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Central Humanist Library at Faculty of Arts, University of Ljubljana: Yesterday – today – tomorrow?

Polona Vilar (Department of LIS&BS, University of Ljubljana, Ljubljana, Slovenia)
Primož Južnič (Department of LIS&BS, University of Ljubljana, Ljubljana, Slovenia)

Information and Learning Sciences

ISSN: 2398-5348

Article publication date: 9 January 2017




The purpose of this paper is to present a study of attitudes displayed towards the Central Humanist Library (CHL) from the perspective of both undergraduate and graduate students as well as librarians, specifically in light of the proposed relocation and merging of the library, which consists of 18 separate departments and is currently scattered across two locations. It is proposed that bringing all of the departments into a single building would enable a number of positive key changes, such as cost reduction (in terms of single premises), communication and cooperation between departments, as well as various other process and service improvements.


A number of different techniques were employed to obtain and analyse various sets of data, depending on the target group: student responses were obtained through web surveys, focus groups and interviews, with data being extracted and analysed through descriptive analysis; librarians’ responses were obtained through interviews, with data being extracted and an analysis driven through content analysis.


The CHL has traditionally been a place with a lack of space and a focus on traditional library services (i.e. loan of printed materials). Other more technological aspects of library and information services are fulfilled by nearby resources, including public libraries and alternative university libraries. It is also worth noting that there is a stark difference in the perceptions of the CHL between students of the Social Sciences and the more traditional Humanities. Responses from librarians pointed towards the fact that many feel reluctant towards change.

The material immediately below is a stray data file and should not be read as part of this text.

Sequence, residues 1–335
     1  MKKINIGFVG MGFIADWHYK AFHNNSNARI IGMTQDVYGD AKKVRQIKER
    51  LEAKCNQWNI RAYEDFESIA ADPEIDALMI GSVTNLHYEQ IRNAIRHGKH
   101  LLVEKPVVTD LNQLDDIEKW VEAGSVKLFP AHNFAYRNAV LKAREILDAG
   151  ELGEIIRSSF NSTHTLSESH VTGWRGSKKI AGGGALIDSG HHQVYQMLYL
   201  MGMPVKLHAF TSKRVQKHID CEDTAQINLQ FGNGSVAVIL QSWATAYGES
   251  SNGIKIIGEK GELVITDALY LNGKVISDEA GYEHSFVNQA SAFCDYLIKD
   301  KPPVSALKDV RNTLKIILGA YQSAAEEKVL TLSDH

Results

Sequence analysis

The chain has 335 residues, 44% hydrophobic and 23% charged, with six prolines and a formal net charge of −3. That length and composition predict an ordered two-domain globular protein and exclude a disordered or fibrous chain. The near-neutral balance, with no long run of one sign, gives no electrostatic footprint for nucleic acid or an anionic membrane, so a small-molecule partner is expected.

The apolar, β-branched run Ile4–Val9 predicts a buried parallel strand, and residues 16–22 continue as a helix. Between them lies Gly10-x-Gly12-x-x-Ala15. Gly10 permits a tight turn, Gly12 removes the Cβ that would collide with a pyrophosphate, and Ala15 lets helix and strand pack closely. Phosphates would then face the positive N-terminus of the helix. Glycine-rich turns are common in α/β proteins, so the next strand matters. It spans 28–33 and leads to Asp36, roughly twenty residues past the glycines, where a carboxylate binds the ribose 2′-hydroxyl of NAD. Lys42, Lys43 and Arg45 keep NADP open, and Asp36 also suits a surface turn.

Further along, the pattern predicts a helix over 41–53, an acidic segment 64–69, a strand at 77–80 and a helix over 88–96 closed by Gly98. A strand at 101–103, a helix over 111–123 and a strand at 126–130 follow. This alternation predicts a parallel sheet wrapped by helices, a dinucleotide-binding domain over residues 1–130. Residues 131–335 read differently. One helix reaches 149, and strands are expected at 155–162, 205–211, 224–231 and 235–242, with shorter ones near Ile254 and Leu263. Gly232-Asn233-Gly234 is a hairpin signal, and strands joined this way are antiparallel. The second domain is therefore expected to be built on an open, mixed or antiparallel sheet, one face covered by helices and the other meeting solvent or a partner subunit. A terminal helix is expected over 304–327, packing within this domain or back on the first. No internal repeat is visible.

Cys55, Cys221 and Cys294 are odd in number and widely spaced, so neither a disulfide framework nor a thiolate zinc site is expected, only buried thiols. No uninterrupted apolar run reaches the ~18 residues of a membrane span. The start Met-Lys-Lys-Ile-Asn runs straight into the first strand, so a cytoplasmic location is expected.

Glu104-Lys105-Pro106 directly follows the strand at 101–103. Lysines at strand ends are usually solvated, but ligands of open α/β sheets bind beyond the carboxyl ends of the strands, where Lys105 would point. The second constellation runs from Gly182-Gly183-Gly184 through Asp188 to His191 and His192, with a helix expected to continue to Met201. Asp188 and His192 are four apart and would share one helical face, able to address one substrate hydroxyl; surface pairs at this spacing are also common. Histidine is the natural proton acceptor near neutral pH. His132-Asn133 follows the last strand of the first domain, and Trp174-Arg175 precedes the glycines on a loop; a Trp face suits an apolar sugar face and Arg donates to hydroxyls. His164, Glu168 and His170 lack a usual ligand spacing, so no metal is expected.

Research limitations/implications

As this study has only focused on three categories of end user, it should be noted that responses from faculty, researchers and doctoral students will be obtained in a separate research study, to enable a broader picture to be formed.

Practical implications

As this research focused on the present library and current information needs of the students within different study programmes, planning should not be based on the present situation, but rather take account of future predictions and needs. It is suggested, therefore, that the following is also undertaken to assist future projects and provide further insight: informing students and librarians of findings; systematic weeding; and, as noted above, further investigation of other stakeholders, e.g. researchers, doctoral students, faculty and management.


There is minimal information surrounding the attitudes of users and staff within the CHL – it is proposed that the findings of this study will assist in decisions regarding the renovation of newly acquired premises, and the subsequent relocation and reorganization of the existing library, staff, collections and services.



The authors would like to thank the management of the Faculty of Arts and the Central Humanities Library for their support in performing the study. We are also grateful to all the collaborators who helped gather the data, to research colleagues for their insights and to Jakob Južnič for helping with statistical analysis.


Vilar, P. and Južnič, P. (2017), "Central Humanist Library at Faculty of Arts, University of Ljubljana: Yesterday – today – tomorrow?", Information and Learning Sciences, Vol. 118 No. 1/2, pp. 90-106.



Emerald Publishing Limited

Copyright © 2017, Emerald Publishing Limited

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